Friday, November 07, 2014



Buddhism is founded on the acknowledgment that there is no enduring self. We might then wonder, how can there be memories if there is no permanent self. This is addressed in classical Buddhist psychology by the assertion of what are called vasanas (mind seeds or habit-energy). These are subtle impressions which are deposited on the transient states of mind by actions and which lie dormant, like seeds. They may disappear or they may come to fruition by stimulating mental activity which leads to more action. Both the very subtle arising in the mind and the more concrete arising of actions have karmic consequences. Therefore, memories themselves have a karmic force, albeit rather light and subtle. These are retained and stored up in “storehouse consciousness” (Alayavijana) as a sort of latent energy ready to be set in motion. Vasana has the power of perfuming energies (don’t you just love that term “perfuming”?).  This perfuming or leaving impressions is sometimes known as sowing seeds. Since the beginningless past, sentient beings have created this energy through inappropriate dualistic discrimination.

Memories are conceived differently than in our Western psychology. Western theory especially in this computer age, tends to describe human memory as if it were similar to a CD or hard drive. We imagine thoughts, events, information as somehow being stored, in a more or less accurate manner. What we bring forth in memory is seen as having some representative value. Like pulling up a file on the screen, as it were. It is conceived as being fairly stable over time, so that we can talk about “recovering” memories, which are taken to be actual records of experience, which may be decades old. Interestingly, modern psychology is demonstrating that memory is less accurate than we had imagined. We are learning that human memory changes with time and need. People will “remember” events which never happened to them if there is a strong need to associate identity with some facts as if they were experienced.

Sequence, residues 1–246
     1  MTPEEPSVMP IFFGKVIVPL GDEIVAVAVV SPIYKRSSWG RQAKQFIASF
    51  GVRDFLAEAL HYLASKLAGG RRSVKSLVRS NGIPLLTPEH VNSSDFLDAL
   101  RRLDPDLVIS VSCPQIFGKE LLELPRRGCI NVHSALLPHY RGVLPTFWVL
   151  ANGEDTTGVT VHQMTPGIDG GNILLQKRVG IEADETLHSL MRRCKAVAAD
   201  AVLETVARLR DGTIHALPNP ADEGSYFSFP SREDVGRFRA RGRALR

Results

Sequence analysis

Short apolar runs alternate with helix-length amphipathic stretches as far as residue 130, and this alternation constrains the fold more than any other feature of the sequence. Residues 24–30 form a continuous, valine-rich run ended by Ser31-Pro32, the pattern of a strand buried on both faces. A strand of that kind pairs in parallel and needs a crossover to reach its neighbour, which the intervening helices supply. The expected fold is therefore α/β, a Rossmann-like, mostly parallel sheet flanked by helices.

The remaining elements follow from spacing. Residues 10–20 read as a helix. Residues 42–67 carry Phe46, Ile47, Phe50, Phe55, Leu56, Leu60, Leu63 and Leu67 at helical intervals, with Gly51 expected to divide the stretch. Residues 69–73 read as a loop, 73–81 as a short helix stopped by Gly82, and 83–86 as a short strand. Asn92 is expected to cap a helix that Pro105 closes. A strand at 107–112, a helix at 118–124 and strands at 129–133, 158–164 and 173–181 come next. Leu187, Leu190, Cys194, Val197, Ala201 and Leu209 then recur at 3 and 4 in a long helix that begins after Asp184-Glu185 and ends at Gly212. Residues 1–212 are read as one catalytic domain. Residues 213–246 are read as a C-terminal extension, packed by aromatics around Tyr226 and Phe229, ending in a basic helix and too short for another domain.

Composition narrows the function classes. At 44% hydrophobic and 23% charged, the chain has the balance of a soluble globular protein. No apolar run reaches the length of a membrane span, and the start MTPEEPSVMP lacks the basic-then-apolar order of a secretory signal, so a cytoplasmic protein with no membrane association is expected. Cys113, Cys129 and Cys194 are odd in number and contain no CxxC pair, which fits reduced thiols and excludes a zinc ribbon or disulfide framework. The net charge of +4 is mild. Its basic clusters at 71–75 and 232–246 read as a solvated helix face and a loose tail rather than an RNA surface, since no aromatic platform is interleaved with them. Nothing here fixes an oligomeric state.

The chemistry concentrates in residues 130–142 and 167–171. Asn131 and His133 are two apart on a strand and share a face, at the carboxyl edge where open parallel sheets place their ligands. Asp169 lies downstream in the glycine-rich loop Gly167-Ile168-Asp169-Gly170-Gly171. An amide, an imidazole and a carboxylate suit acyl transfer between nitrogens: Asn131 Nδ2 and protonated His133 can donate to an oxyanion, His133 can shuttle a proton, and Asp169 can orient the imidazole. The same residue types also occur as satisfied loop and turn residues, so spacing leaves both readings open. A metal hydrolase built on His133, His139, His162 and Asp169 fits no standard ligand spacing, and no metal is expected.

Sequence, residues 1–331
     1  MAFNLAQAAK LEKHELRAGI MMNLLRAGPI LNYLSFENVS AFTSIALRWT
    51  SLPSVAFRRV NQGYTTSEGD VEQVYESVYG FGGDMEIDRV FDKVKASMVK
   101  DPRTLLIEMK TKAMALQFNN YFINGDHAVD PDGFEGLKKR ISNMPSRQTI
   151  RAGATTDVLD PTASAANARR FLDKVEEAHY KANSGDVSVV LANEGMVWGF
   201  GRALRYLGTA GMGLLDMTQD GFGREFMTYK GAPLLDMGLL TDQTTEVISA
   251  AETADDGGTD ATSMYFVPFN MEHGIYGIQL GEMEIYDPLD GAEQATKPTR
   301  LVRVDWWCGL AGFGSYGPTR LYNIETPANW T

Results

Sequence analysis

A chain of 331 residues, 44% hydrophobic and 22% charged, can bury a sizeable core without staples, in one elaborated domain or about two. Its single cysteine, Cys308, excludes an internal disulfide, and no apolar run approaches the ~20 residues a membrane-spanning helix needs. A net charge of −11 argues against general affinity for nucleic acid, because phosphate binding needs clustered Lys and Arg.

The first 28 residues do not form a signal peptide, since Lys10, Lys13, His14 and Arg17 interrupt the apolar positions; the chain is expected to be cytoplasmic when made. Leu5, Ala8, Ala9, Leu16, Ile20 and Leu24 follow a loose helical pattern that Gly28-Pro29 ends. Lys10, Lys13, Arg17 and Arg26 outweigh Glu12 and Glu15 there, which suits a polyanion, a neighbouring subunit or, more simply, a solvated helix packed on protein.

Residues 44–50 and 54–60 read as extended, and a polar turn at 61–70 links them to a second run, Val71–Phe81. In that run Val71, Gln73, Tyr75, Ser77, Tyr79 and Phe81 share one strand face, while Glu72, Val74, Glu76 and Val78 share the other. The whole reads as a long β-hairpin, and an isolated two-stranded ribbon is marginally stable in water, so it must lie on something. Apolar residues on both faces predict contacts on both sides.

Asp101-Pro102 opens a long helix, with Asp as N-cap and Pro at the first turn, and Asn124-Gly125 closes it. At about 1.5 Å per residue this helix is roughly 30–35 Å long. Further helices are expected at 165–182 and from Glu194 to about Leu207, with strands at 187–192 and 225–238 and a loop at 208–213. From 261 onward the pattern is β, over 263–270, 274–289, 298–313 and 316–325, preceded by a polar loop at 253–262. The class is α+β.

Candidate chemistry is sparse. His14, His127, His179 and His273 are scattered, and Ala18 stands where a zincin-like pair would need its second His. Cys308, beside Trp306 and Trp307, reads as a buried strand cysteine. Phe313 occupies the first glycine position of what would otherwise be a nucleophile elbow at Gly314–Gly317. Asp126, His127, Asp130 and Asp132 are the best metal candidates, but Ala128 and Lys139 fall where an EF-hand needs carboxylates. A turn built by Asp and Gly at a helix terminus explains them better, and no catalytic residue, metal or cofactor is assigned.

Unlike Buddhist theory, we see memory as mostly neutral, more like a record of experience, free of momentum, and giving us data upon which we may or may not act. In Buddhist mind theory, memory seeds have potential for motivation and drive. They are like stored charges which can propel us to act in some way.

Yours in the Dharma,                          
Innen, doshu
om namo amida butsu  

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